Lord Turnbull came to give a presentation on his ‘Really Inconvenient Truth’ about climate change today, but all I got out of it was the reflection of a ‘Really Inconvenient Reality’.
His presence here was showered with prestige, but tainted with an unfair amount of conceit. Not on Lord Turnbull’s part- but rather, the entire procession and hype surrounding him resulted in ridiculously high expectations and, to be honest, a resultantly disappointing presentation. At the end of the entire talk of furious highlighting and intense note-taking (if not for anything but to keep myself preoccupied and awake); I realized that the only thing I had gotten out of the presentation was the latin quote:
Nullius in verba.
Take nobody’s word for it.
And quite frankly, a questioning mind is hardly something that an ex-Cabinet Secretary would need to fly all the way to Singapore to tell a few hundred students (some listening, most sleeping) about. Such notions have, and will be, emphasized throughout our education and our lives- and for Lord Turnbull to make such an effort to come here just to make that point- well, one must be blindly passionate about his subject or ridiculously misconstrued about our intellect.
Increasingly the things we are made to do or sit through seem to be part of somebody else’s therapy.
I can quite clearly imagine why he should say what he has said; I have no doubt that more than a handful of politicians are exasperated over the emphasis on green technology and economic inefficiency, etc- and probably have become incredibly dis-enamored with the government for giving priority to companies that depict decarbonization as some sort of categorical imperative to drive forward their cause. People and groups with a vested interest have been making use of this argument.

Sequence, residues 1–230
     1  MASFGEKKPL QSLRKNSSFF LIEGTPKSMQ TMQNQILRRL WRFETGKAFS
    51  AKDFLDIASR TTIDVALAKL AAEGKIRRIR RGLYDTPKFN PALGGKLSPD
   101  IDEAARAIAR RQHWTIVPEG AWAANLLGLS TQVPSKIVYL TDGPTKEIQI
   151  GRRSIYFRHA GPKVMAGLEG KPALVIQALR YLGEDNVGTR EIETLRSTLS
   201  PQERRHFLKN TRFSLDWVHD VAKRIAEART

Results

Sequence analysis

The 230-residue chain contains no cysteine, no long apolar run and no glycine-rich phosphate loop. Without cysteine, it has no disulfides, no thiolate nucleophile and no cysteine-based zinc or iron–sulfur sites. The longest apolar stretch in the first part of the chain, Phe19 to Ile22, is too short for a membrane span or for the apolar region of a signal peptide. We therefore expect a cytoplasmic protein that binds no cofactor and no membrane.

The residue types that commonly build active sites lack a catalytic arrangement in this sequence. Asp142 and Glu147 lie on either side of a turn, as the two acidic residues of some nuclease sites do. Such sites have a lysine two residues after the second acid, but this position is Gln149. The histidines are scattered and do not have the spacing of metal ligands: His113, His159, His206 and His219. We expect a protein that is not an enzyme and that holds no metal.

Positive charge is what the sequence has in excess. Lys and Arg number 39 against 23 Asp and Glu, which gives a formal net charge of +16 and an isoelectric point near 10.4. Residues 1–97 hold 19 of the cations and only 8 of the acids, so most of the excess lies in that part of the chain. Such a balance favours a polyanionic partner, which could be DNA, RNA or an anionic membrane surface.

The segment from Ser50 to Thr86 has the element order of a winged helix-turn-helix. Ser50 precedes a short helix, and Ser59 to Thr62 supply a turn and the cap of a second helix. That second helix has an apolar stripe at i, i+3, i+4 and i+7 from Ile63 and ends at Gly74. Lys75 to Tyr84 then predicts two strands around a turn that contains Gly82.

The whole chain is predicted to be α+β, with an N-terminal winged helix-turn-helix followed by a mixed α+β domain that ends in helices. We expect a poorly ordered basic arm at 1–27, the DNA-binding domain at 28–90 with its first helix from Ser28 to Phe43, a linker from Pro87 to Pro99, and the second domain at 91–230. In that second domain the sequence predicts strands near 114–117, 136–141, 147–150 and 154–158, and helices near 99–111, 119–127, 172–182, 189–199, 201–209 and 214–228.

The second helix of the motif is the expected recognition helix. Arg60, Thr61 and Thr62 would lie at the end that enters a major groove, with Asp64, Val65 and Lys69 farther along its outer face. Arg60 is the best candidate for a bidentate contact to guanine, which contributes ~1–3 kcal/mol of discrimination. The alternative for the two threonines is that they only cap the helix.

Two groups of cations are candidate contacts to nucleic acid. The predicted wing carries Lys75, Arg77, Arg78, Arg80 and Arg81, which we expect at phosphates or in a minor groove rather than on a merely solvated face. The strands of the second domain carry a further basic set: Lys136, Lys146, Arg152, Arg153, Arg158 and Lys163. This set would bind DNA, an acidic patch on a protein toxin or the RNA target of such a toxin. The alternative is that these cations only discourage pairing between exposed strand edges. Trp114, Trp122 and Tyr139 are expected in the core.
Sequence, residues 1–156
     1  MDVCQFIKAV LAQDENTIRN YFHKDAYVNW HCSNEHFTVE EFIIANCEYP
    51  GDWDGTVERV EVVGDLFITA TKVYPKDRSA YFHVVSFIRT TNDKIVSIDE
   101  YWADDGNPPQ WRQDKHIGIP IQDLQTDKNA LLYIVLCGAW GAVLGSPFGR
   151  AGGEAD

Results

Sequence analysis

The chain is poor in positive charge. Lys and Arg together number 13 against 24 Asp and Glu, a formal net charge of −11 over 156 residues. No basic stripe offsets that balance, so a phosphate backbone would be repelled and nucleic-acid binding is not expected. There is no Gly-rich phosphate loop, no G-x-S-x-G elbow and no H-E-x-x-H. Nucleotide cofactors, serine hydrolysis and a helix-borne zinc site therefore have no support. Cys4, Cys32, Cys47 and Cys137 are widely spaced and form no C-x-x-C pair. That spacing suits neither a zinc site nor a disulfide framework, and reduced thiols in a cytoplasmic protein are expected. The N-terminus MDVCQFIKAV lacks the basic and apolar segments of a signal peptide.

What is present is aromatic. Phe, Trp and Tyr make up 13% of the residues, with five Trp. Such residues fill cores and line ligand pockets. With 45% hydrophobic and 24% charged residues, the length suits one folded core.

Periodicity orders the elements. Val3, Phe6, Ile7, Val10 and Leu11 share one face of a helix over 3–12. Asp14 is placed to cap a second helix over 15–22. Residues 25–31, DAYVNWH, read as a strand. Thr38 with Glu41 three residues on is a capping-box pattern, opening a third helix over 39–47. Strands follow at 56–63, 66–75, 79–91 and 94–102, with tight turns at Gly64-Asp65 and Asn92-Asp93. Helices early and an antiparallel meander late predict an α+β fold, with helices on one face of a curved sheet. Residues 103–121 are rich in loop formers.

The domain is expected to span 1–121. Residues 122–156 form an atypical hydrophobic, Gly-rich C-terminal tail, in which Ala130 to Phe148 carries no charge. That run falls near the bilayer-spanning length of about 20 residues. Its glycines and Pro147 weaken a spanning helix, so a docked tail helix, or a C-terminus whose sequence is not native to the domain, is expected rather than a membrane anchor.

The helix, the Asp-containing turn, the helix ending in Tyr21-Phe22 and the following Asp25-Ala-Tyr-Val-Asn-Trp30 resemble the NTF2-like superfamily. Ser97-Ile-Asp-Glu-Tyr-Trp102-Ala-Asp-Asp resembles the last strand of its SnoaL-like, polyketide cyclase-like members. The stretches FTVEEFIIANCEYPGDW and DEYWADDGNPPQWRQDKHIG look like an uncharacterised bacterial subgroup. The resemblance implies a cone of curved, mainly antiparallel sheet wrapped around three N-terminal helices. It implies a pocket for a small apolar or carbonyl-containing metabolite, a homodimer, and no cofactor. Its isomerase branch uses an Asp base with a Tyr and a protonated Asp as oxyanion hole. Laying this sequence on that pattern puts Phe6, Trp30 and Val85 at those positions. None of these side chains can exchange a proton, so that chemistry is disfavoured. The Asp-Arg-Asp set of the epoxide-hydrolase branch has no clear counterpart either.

And in that Lord Turnbull is right: we shouldn’t just believe them. But his case is with the UK government, not with us students.
I liked Lord Turnbull- I had expected a cantankerous, obdurately passionate man with an overwhelming ego and a vexing self-righteousness in his beliefs (or radical, supposedly different ideas). Instead, he turned out to be a convivial old man that had a distinguished air about him (despite him walking with a slight limp)- and whom constantly reminded us that he wasn’t forming a theory or argument, but simply calling on us to question things.
I agree with that.
But sometimes agreeing with someone gives rise to a certain disappointment- agreement rarely stimulates heated discussion. Not that I had expected heated discussion: I only expected an engaging presentation.
Don’t get me wrong, I’m not disappointed with Lord Turnbull and his presentation per se- I’m just disappointed at society in general. I’m sure there are thousands of people out there who could give a more engaging, less pretentious, and more enriching presentation on the ‘Really Inconvenient Truth’ of climate change- but yet they do not have the chance, simply because they don’t have the status. We were honored that Lord Turnbull would deign to come and talk to us as a school- and that is precisely the problem. Why should we feel that way? Why should we value his presence so much more than another’s? Why should I feel guilty for expressing my disappointment?
What can I say? A man’s title precedes his being.
And that, is the Really Inconvenient Reality.